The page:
The United States Court of Appeals, Fifth Circuit, recently issued its opinion in Graphic Packaging International Inc. v. Employers Insurance of Wausau, upholding the validity of an exclusion for “bodily injury by disease” found in workers’ compensation/employers liability policies issued by Wausau.
“This decision recognizes a contractual exclusion is exactly that…an exclusion that eliminates coverage,” said Robert Hurns, counsel for the Property Casualty Insurers Association of America (PCI), which filed an amicus brief in the case. “This opinion should serve as solid guidance for other circuits currently examining the identical issue.”
The workers’ comp policies issued by Wausau to Graphic Packaging required that all claims for “bodily injury by disease” be reported within 36 months after the expiration of the policy period. In early 2000, numerous present and former Graphic Packaging employees sued their employer, seeking damages for asbestosis and other asbestos-related diseases. Wausau denied coverage based upon an exclusion in the policies, which provided that “bodily injury by disease” claims are excluded from coverage if not brought within 36 months after the end of the policy period.
Graphic Packaging filed suit against Wausau, and Wausau filed a motion for summary judgment, arguing the employee claims were “bodily injury by disease” and were barred by the 36-month exclusion provision. Graphic Packaging argued these were “bodily injury by accident” claims and hence the exclusion did not apply.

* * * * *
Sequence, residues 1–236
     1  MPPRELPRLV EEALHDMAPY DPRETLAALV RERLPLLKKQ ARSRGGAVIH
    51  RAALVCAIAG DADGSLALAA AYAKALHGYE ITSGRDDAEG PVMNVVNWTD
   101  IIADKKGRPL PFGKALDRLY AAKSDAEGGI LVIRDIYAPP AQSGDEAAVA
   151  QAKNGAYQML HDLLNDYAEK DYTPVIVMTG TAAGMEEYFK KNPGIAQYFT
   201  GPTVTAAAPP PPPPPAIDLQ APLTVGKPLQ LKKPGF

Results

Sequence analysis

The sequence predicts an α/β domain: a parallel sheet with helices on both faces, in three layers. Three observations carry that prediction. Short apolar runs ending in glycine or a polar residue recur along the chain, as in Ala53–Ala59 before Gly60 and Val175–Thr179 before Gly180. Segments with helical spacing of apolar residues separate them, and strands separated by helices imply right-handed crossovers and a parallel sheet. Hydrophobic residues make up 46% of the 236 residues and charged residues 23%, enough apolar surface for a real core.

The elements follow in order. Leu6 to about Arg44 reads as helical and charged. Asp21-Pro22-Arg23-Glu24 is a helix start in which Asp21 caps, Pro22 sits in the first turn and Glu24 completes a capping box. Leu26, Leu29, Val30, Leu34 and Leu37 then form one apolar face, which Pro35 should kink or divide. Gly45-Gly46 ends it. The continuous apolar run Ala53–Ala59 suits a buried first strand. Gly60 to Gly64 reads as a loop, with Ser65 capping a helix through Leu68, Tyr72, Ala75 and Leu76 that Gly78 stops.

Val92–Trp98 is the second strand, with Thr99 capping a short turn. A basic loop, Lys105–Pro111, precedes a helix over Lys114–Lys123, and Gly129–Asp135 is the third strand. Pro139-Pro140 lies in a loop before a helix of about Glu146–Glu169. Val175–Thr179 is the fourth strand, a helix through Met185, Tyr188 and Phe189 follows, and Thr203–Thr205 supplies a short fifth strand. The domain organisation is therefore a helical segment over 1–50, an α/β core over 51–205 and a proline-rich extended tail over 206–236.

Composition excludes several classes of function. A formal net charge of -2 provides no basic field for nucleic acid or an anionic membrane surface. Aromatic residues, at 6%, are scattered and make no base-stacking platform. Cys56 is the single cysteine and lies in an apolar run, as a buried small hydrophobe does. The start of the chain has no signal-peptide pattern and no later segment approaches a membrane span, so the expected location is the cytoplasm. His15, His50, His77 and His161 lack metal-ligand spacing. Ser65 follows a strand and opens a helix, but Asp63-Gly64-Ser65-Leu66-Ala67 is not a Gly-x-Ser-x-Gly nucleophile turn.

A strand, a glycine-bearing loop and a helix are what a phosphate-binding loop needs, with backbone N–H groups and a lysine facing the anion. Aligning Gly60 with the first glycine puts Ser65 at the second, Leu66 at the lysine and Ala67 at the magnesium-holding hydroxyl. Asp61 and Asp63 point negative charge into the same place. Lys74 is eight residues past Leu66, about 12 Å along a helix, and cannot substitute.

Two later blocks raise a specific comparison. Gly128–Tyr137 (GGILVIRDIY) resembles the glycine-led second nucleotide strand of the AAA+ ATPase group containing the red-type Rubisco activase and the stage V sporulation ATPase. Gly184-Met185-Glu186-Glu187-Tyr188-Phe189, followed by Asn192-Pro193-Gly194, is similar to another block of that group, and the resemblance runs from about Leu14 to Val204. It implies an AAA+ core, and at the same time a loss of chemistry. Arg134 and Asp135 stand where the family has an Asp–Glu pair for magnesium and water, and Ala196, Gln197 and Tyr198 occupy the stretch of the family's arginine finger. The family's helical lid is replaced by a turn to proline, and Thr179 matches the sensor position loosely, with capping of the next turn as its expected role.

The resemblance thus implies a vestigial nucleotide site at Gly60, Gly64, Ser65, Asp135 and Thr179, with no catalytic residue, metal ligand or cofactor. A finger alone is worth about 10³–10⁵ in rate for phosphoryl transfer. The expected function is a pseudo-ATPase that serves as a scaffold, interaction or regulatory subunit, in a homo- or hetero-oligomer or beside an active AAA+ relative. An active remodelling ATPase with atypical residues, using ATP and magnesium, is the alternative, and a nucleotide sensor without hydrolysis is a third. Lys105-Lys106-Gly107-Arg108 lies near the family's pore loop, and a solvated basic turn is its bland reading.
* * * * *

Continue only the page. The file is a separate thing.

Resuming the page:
The trial court agreed with Wausau and granted summary judgment in their favor.
On appeal before the fifth circuit, the PCI and other trade groups filed a joint amicus brief, arguing there was a statutory difference between “accidents” and “occupational diseases,” and that this statutory distinction should control the corresponding definitions contained in Wausau’s policies. The appellate court ultimately held there was only one reasonable interpretation: that asbestos-related disease could not be construed as “bodily injury by accident” under the policies, and that asbestos-related disease was in fact a “bodily injury by disease.”
“In essence, the trial court and the appellate court both reached the same conclusion…that asbestos-related diseases not reported within the required 36-month period were excluded from coverage” said Hurns. “Workers compensation insurers, at least in the fifth circuit, can go forward knowing their contract language, including exclusions, will be upheld.”
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